In Vietnam pho (pronounced “fur”) is the traditional noodle soup that is usually eaten for breakfast, but it’s a popular meal at any time of day. Stalls spring up along the pavements with customers perched on plastic stools around low tables. Most only serve one kind of pho, which minimises the amount of cooking – pho bo is beef, pho tom is shrimp, pho ga is chicken (or possibly railway station, depending on how you say it). If you are vegetarian you’ll need to find a pho chay. Noodles are boiled rapidly and then added to a large bowl filled with stock in which assorted vegetables float, such as onion, bean sprouts, pumpkin, cabbage, bok choi and other greenery, then chopped meat or tofu is added. Add a squeeze of lime, chilli to taste and sprinkle with fresh coriander. It’s lovely stuff.
The pho stall sat on the corner of a road which at night became a giant market, and even at 10pm the tables were full of people hoovering up bowls of soupy noodles. Space was found for us right in the middle of a group of friends who seemed delighted at our arrival. After a brief game of charades with the waitress we sat down unsure of exactly what we had ordered. The boss came over and began chatting to us in Vietnamese, asking where we were from, whether we were married, and how we liked Vietnam. We did. Her son provided the translation – he lived in Sydney and had a broad Aussie accent. Halfway through this conversation an enormous cockroach ran under the table and up the wall. Without pausing for breath the boss removed her wooden sandal and swatted the monstrous insect off the wall and into the gutter. Some time later I saw it zigzagging across a table nearby with its antennae knocked askew. I reckon it was about the size of a hamster.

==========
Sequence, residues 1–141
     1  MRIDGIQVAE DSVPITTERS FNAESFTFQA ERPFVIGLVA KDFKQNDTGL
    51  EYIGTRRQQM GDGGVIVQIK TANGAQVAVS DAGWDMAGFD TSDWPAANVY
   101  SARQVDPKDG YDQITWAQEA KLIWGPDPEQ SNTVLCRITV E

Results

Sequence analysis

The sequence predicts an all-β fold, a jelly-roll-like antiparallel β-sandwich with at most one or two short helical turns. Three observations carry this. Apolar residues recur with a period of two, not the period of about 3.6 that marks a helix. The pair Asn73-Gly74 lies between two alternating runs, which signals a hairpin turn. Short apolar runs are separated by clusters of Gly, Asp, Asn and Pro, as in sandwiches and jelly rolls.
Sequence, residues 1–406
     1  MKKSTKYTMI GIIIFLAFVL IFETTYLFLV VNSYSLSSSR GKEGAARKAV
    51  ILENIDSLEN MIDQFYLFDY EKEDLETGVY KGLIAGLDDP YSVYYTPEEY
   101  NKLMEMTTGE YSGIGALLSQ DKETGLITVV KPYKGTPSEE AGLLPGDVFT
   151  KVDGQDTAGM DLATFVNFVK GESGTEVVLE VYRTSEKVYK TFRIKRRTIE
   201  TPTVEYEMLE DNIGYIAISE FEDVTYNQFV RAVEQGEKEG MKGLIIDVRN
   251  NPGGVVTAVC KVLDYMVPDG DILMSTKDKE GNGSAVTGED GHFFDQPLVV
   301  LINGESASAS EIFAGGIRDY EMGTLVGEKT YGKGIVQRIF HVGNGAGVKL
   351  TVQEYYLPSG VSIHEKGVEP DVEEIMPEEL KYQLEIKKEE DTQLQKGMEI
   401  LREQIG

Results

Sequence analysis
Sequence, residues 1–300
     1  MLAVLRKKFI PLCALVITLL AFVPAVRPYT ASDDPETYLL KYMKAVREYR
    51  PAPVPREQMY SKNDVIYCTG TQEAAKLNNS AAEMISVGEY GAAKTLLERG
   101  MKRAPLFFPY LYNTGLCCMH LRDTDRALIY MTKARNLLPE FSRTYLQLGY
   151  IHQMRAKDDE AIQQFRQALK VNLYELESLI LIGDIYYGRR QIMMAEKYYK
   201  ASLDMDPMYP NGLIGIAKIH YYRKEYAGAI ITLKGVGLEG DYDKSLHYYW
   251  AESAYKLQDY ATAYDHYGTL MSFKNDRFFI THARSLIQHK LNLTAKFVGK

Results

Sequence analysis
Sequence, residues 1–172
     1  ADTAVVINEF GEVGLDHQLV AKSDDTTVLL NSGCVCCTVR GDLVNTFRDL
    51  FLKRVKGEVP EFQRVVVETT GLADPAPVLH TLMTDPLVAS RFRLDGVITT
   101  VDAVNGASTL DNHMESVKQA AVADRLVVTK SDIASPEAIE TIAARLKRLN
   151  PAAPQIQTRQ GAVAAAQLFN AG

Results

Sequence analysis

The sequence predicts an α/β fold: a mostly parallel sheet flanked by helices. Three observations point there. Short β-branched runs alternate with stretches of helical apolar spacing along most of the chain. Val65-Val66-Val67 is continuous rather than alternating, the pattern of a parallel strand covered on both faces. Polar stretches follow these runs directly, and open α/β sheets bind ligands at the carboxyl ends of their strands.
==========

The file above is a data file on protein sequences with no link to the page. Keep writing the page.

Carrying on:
A vast bowl of pho arrived, and following the example of the people around me I started drinking it out of the bowl, using the chopsticks to shovel in bits of vegetable. Immediately my glasses misted over and I felt the chilli go to work on my sinuses – the whole effect was reminiscent of having a bad cold and inhaling mentholated steam with a towel over my head. Picking up a large clump of noodles I carefully guided them towards my mouth, but at the last minute they slithered off the chopsticks and landed back in the bowl with a splash that covered me in vegetable stock and caused the small child opposite to get hiccups from laughing so hard. With my dignity in tatters I took refuge in my bowl once again, draining the remaining stock and encountering one last rogue chilli as the final mouthful. Determinedly I crunched my way through it, sweat running off me in rivers. Panting gently from the heat, I spotted someone drinking what looked like a chocolate milkshake and ordered one myself. It turned out to be iced coffee made with condensed milk – ca fe sua da – which tasted as strong as whisky but had an effect more akin to amphetamine. It was delicious but after the chilli I’d had all the stimulation I could handle for the time being. I said goodbye to my new-found friends, and with my heart pounding from the quadruple espresso, hair damp with sweat and a shirt spattered in broth, I wandered back to the hotel through the warm night bearing the unmistakeable signs of a full-on encounter with pho.